For more information on how you and your school can get in on the action contact the schools team:

Crista Hawkins, RDN, LD
Director of School Programs
chawkins@odncouncil.org
Direct: 971-673-2725

Erin Hirte, RDN, LD
Manager of School Programs
ehirte@odncouncil.org
Direct: 971-673-2729

Bend School Assembly, Television Show Highlight Fuel Up to Play 60 Success

FUTP60-Central-Oregon-Daily

It’s the largest school nutrition and physical activity program in the country, and the positive impacts that Fuel Up to Play 60 has on students across Oregon were celebrated at a school assembly and on local television in Bend last month.

Former NFL player Anthony Newman and Elk Meadow Elementary students teamed up to recognize the school’s student health and wellness efforts. Organized by Fuel Up to Play 60 program advisor Grant Mattox and his student team, the special assembly honored community partners and “Wellness Warriors” for their contributions to student and staff health.

More than 500 students and staff cheered on teams as they raced to create healthy plates with the help of the Bend Nutrition Services team. The local NBC television news affiliate covered the event on the afternoon and evening news:

anthony-newman-on-ktvz

Former NFL star pays visit to Bend school
KTVZ

Later that day, Anthony Newman joined Oregon Fuel Up to Play 60 student ambassador Lily Sweet, a sixth grader from Bend, on Central Oregon Daily. Lily attended the National Fuel Up to Play 60 Summit at Purdue University where she learned more about wellness, leadership and public speaking. Their interview aired on the local ABC and CBS television news affiliates:

lily-on-central-oregon-daily

Healthy Eating and Physical Activity Made Easier for School-age Children
Central Oregon Daily

Is Fuel Up to Play 60 active in your school? Would you like more information about the program, organizing an assembly or nominating a 2017 Oregon Student Ambassador? The national Fuel Up to Play 60 program is administered locally by the Oregon Dairy and Nutrition Council. Contact Erin Hirte, Manager of School Programs, at ehirte@odncouncil.org.

Erin Hirte Brings Experience, Expertise to School Programs

Erin Hirte, Manager of School Programs

As a Registered Dietitian Nutritionist with experience in school foodservice management and child nutrition programs, Erin Hirte is hitting the ground running as the new Manager of School Programs for the Oregon Dairy and Nutrition Council. The position reflects the Oregon dairy industry’s long-standing commitment to investing in child health and wellness.

Hirte started with the Council in September, filling the position formerly held by Crista Hawkins, who was promoted to Director of School Programs in June. “We were looking for a person with the right skillset, experience and vision to really take our programs to the next level, and we found that in Erin,” said Hawkins. “Having worked with her in her previous role with Portland Public Schools, we knew she’d be a great addition to our team and an asset for Oregon students and schools.”

The Manager of School Programs position is responsible for the planning, implementation and evaluation of Oregon’s Fuel Up to Play 60 program. Fuel Up to Play 60 is an in-school nutrition and physical activity program created by the National Dairy Council and the NFL, in collaboration with the U.S. Department of Agriculture.

In Oregon, that program is now well received by more than 700 schools and school districts throughout the state – at no cost to the schools. In fact, many schools also receive grant funding from the program to advance school wellness initiatives.

“I am thrilled to be working in a position where my efforts will help improve health and wellness for children in Oregon schools,” said Hirte. “We have the chance to put students in a better position to succeed both in and out of the classroom, and that cause is certainly one I champion.”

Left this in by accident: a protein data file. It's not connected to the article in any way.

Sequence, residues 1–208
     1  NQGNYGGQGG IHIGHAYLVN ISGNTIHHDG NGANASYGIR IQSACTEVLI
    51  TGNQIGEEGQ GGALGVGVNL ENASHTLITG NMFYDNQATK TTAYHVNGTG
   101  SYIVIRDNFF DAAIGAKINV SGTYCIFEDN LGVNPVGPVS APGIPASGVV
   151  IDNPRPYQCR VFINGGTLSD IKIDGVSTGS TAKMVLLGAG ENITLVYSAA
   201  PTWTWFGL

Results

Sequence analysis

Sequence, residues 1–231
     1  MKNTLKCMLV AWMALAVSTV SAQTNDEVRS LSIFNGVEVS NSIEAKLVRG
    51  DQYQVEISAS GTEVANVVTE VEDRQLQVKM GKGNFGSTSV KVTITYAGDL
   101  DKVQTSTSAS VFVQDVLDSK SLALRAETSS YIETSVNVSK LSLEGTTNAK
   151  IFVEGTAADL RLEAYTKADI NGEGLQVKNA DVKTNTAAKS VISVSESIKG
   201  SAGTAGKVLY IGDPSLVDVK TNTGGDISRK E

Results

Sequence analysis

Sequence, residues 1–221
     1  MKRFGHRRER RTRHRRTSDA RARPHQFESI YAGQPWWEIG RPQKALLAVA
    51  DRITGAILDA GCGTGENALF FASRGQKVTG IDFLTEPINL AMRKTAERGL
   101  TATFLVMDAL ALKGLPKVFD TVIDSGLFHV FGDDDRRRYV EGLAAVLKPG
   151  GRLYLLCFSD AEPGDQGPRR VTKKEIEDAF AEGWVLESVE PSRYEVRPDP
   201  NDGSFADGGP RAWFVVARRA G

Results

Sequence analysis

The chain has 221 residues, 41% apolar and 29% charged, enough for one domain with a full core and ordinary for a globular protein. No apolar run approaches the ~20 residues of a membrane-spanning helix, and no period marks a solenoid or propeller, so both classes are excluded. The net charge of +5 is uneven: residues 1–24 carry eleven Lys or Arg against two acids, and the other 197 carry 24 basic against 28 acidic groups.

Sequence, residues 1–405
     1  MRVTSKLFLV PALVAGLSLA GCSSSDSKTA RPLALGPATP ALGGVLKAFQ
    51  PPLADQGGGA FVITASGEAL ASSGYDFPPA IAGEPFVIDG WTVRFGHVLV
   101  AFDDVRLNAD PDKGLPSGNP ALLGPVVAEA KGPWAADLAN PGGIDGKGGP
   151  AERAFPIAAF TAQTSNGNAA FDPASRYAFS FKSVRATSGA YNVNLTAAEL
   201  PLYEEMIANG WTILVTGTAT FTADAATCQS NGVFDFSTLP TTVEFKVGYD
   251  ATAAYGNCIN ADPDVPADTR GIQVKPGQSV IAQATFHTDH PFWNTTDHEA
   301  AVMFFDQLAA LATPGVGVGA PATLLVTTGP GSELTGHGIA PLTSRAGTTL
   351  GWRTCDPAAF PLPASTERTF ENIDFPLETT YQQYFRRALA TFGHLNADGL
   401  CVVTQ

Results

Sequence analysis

In addition to managing the Fuel Up to Play 60 program, the schools team is also responsible for school and district grants, School Wellness Awards, culinary trainings, school breakfast promotion and other school nutrition programs.

Cooking Up New and Nutritious Recipes for School Kids

“What’s for lunch?” It’s a common refrain in school cafeterias across the state, and some tasty plans are in the works to provide exciting new and nutritious menu items. Thanks to a special series of events called “Oregon Cooks for Kids,” school cooks are learning new recipes featuring dairy ingredients that they can take back to their schools.

Sponsored by the Oregon Dairy and Nutrition Council and the Oregon Department of Education, Child Nutrition Services, seven statewide culinary trainings are being offered for school nutrition directors and cooks in 2016. This year’s schedule includes trainings in Albany, Hermiston, McMinnville, Central Point, Salem, La Grande and Klamath Falls.

Chef Garrett Berdan, RDN, coaches participants on cooking-from-scratch culinary skills, while preparing and taste testing 15 actual recipes. The preparation of healthy meals for students emphasizes nutrient-rich foods, because studies show that well-nourished kids perform better at school. Participants practice menu planning, weights and measures, knife skills and other culinary techniques.

The Oregon Dairy and Nutrition Council has supported culinary training events for seven years. Oregon’s 228 dairy farm families and 31 dairy processors are involved with schools across the state — providing nutritious foods to kitchens and cafeterias and leading health and wellness initiatives.

Cafeteria cooks have new tricks up their sleevesCafeteria cooks have new tricks up their sleeves

Statewide culinary trainings are improving the quality and variety of meals served in Oregon schools. Learn more about what happens at these special events with this fun story from KGW TV’s Portland Today.   VIDEO

Healthy Meals for Healthy StudentsHealthy Meals for Healthy Students Trainings

Trainings are presented in partnership with the Oregon Department of Education Child Nutrition Programs and the Oregon Dairy and Nutrition Council. We train school nutrition and frontline staff, giving them ideas and skills to improve their school meal programs with nutrient-rich recipes, featuring ingredients like low-fat and fat-free milk, cheese and yogurt, whole grains, fruits and vegetables.   VIDEO